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I'm trying to do the following exercise:

Find the equation of the line tangent to the graph of $f(x)= (x-1)^{1/3}$ at the point $x=2$. Find also if that line intersects the graph of f(x) at any other point. If it does, then find its coordinates.

Well, I begin by differentiating f(x) to get the slope:

$ f(x) = (x-1)^{1/3}$

$ f'(x) = (1/3)(x-1)^{-2/3}$

$ f'(2) = (1/3)(2-1)^{-2/3}$

$ f'(2) = (1/3)1^{-2/3}$

$ f'(2) = (1/3)1$

$ f'(2) = 1/3$

So the equation of the tangent line at 2 should be $y = (1/3)x$ + constant

To find the constant I use the value of f(2) which is 1.

$f(2) = (2-1)^{1/3}$

$f(2) = 1^{1/3}$

$f(2) = 1$

$f(2) = $ tangent line at 2

$1 = (1/3)2 + constant$

$1 = 2/3 + constant$

$1 - 2/3 = constant$

$1/3 = constant$

Therefore the equation of the tangent line at 2 is $y=(1/3)(x+1)$

Now I try to find out whether there are other points where this line intersects the function.

$(x-1)^{1/3} = (1/3)(x+1)$

$(x-1) = (1/27)(x+1)^3$

$\frac{x-1}{(x+1)^3} = (1/27)$

And here I have no idea of how to continue.

So I cheated a little bit by graphing the function (black curve) and its tangent at 2 (red line):

enter image description here

Looking at the graph, there seems to be another point of intersection at $x=-7$.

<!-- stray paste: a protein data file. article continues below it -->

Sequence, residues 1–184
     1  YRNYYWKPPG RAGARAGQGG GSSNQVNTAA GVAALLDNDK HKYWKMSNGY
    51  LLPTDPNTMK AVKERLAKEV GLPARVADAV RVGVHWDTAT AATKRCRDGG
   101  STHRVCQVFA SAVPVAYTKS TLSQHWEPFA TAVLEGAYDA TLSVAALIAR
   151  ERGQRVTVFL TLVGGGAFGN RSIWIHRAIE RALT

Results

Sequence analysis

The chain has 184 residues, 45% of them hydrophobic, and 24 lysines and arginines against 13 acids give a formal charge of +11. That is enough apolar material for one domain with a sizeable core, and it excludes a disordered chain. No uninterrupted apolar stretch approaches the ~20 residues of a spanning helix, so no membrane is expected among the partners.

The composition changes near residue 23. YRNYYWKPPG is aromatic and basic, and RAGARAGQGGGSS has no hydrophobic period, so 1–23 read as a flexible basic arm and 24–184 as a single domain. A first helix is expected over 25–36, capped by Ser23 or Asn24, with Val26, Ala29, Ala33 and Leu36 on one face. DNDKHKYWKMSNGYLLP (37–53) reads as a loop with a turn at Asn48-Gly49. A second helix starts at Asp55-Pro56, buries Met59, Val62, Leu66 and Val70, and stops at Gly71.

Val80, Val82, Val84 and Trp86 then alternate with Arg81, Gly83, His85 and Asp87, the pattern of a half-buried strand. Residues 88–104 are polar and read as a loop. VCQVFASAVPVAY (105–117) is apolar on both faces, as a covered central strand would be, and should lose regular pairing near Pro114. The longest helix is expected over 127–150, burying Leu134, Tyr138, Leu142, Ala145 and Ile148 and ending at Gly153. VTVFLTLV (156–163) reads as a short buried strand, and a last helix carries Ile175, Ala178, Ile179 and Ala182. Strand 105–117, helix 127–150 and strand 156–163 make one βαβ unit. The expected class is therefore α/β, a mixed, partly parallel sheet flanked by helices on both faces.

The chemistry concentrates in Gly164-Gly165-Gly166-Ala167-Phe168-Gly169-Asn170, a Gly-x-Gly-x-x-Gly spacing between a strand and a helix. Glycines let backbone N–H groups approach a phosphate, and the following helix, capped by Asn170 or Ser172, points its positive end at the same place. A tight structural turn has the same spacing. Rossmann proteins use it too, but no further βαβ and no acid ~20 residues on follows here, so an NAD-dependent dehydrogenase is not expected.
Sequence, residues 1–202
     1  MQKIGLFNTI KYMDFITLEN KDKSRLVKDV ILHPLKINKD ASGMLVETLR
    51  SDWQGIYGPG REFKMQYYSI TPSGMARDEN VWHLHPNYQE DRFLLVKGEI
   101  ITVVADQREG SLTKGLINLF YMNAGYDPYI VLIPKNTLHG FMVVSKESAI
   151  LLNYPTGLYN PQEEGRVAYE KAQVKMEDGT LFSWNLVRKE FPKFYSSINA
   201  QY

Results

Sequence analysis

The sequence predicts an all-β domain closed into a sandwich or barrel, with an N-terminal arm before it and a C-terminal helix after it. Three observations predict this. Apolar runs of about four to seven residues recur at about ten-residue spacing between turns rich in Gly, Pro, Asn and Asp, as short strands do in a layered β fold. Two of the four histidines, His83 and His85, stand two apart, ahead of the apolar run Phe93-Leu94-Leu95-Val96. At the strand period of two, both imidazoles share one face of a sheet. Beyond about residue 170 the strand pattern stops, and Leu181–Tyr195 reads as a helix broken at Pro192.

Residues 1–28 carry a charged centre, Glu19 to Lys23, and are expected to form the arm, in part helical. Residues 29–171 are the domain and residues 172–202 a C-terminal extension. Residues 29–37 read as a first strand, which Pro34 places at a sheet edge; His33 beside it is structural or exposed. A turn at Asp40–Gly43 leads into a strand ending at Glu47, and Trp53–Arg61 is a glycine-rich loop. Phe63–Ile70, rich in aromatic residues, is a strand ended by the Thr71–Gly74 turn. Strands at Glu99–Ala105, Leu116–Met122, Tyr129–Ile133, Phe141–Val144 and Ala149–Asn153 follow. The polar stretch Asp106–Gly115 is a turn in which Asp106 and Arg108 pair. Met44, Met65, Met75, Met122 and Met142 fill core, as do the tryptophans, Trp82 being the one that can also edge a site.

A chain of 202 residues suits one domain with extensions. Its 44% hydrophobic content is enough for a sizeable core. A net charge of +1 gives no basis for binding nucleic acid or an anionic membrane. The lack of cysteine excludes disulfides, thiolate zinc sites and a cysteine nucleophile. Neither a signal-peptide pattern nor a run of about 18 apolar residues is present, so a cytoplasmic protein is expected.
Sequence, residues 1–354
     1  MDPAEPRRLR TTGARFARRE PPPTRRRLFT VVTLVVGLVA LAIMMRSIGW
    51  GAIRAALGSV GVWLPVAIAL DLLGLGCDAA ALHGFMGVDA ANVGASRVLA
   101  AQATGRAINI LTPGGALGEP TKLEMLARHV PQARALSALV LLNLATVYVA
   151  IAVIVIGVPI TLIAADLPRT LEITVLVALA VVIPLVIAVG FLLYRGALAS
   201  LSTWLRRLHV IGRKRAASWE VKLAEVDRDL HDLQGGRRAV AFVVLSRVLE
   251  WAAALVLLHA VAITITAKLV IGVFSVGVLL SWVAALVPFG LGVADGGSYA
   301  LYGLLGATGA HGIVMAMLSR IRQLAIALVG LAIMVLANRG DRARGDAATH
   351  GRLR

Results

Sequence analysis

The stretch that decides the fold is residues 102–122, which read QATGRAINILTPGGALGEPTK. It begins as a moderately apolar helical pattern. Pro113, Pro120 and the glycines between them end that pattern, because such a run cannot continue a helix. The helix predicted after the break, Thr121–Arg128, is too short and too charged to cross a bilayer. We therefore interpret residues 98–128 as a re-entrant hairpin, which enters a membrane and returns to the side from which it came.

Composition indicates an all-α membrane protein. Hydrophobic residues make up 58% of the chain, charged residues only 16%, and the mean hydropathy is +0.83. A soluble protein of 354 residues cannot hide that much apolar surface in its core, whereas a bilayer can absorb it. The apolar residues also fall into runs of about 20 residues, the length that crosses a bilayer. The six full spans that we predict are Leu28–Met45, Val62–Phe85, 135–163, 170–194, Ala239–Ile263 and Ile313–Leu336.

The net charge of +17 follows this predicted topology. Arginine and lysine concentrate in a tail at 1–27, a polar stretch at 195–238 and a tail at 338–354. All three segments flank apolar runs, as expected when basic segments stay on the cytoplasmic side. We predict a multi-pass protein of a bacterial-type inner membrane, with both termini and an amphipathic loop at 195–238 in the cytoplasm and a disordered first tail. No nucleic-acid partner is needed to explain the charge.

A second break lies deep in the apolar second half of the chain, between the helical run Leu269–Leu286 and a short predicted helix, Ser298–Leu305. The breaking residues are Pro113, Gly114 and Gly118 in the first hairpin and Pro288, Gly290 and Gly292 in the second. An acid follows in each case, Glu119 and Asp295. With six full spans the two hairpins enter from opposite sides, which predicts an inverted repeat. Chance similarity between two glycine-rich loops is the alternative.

Plugging in -7, I get:

$\frac{-7-1}{(-7+1)^3} = (1/27)$

$\frac{-8}{(-6)^3} = (1/27)$

$\frac{-8}{-216} = (1/27)$

$\frac{8}{216} = (1/27)$

This seems to confirm that at $x=-7$ the line intersects the function again. But suppose I wanted to find the point by hand, without graphing and 'guessing' that the answer is -7. How do I do that?

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    $\begingroup$ Just a constructive point for your next question, you can omit some of the trivial lines so that your question isn't un-necessarily long. $\endgroup$ – mrnovice Apr 17 '17 at 22:59
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Your

$$\frac{x-1}{(x+1)^3} = \frac{1}{27}$$

corresponds to

$$x^3+3x^2-24x+28=0$$

but since this comes from a tangent, you know that two of the solutions are $x=2$, so you can factor out $(x-2)^2$ to give

$$(x-2)^2(x+7)=0$$

so the other solution is $x=-7$

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  • $\begingroup$ Could you please elaborate a little more on this? Why are two of the solutions at $x=2$? I don't really understand the idea. $\endgroup$ – IMK Apr 17 '17 at 23:17
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    $\begingroup$ A cubic equation has three solutions, though some might be duplicated and some might be complex. Your expression finds the $x$ coordinates of points where the curve and the tangent meet. If they cross simply, then there would be a solution at that point (as there is with $x=-7$). So you know that $(x-2)$ is a factor. But in fact this is a tangent, which you might informally regard as crossing and crossing back at the same point, leading to two solutions (at least) at that point $\endgroup$ – Henry Apr 18 '17 at 0:02
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HINT: $$\frac{x-1}{(x+1)^3}=\frac{1}{27}$$ can be written as $$f(x)=x^3+3x^2-24x+28$$ We already know that $x-2$ is a factor . Thus we re-write it as: $$f(x)=(x-2)(x^2+5x-14)$$ $$f(x)=(x-2)^2(x-7)$$ Thus it intersects again @ $x=7$

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